Cyberpunk 2077 Review (PS4)

System Shocked


cyberpunk 2077 review

Despite all the negative publicity, evidence to the contrary, and advice from every media outlet and gamer in existence, I sought to play through all of Cyberpunk 2077 on PS4. No, not the Pro version, the base console version, which is quite frankly the most frustrating way to play the game. And after 75 hours of gaming — 15 of which I had lost due to game-breaking bugs, glitches, and resets — I have to say Cyberpunk 2077 is a lot of fun and definitely a revolutionary RPG. That is of course, when I could actually play it, and wasn’t creating my 10th manual save file out of fear of the game crashing.  

Developed by CD Projekt Red, Cyberpunk 2077 is likely going to be this year’s biggest flop. And I say this not only because it was completely removed from Sony’s PS store, but because it also caused people seizures and effectively toxified just about everything about video game journalism. Released on December 10th for PS5, Xbox Series X, Stadia, and PC, the game was also, unfortunately, released on both Xbox One and PS4 where it’s incredibly broken. Still, I choose to beat it anyway, and so below is my honest review of Cyberpunk 2077 on PS4. 


What Is Cyberpunk 2077? 



Like Dungeons & Dragons, Cyberpunk originally started out as a popular tabletop RPG created by game designer Mike Pondsmith. Inspired by science fiction works of the 1980’s such as the movie Blade Runner and the 80s classic Hardwired, Cyberpunk was a sci-fi subculture that combined delinquent criminals with futuristic technology. It’s set in the futuristic Night City, a crime-ridden yet high tech city-state run by corporations gone awry in a ruined world ravaged by both militarized and economic warfare. Coinciding with this was the rise of a world operating on networked technology — though not the internet we know of which was ravaged by malware — but a world divided into individualized subnets.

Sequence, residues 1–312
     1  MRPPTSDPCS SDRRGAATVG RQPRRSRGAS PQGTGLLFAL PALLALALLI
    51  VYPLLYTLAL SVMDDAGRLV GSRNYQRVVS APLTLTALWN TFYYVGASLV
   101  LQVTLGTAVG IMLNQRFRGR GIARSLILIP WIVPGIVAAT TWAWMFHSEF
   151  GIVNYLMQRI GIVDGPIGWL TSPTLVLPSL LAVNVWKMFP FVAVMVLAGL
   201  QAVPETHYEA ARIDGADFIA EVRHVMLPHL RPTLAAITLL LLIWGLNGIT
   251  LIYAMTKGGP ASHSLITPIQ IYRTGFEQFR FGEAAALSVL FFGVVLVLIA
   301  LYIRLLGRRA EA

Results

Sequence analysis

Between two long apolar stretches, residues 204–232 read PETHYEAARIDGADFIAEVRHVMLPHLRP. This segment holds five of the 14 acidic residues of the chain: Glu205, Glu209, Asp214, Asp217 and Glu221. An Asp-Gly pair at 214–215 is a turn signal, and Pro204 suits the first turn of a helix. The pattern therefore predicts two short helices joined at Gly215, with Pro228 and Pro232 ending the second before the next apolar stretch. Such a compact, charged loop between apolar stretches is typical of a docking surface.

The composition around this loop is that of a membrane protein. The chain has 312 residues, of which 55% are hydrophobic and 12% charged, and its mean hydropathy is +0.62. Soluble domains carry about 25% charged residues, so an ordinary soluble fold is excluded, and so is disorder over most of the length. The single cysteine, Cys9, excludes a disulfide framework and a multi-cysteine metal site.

Cyberpunk 2077 is a dystopian future of a world filled with technological abusers. One where WiFi connects to everything, virtual and augmented reality exists at the blink of a cybernetic eye, and the mind and the internet are often seen as one and the same. It’s a realm of endless possibility that strips apart the basis of what it means to be human. When technology advances beyond the point of Arthur C. Clarke’s third law: where science becomes indistinguishable from magic. 



In Cyberpunk 2077, you start as a customizable character named V. A person whose appearance, and for some obsessive reason genitalia and breasts, you can customize how you see fit and then rarely see ever again. V grew up in the world of Cyberpunk 2077, and depending on your chosen life path — Corpo, Streetkid, or Nomad — you’ll actually get to see how your backstory plays out in the prologue. 

Having played all three prologues, I will say each choice is an entertaining origin story. However, despite your chosen life path, most of the options unlocked in-game remain the same. The only difference is that your backstory grants a unique perspective. Corpos know a lot about company bureaucracy and protocol. Nomads know a lot about survival on the road. Streetkids, what it’s like to hustle in Night City. Honestly, the only noticeable difference about the prologue is the different origin stories as to how you meet Jackie, your inevitable best friend in Night City.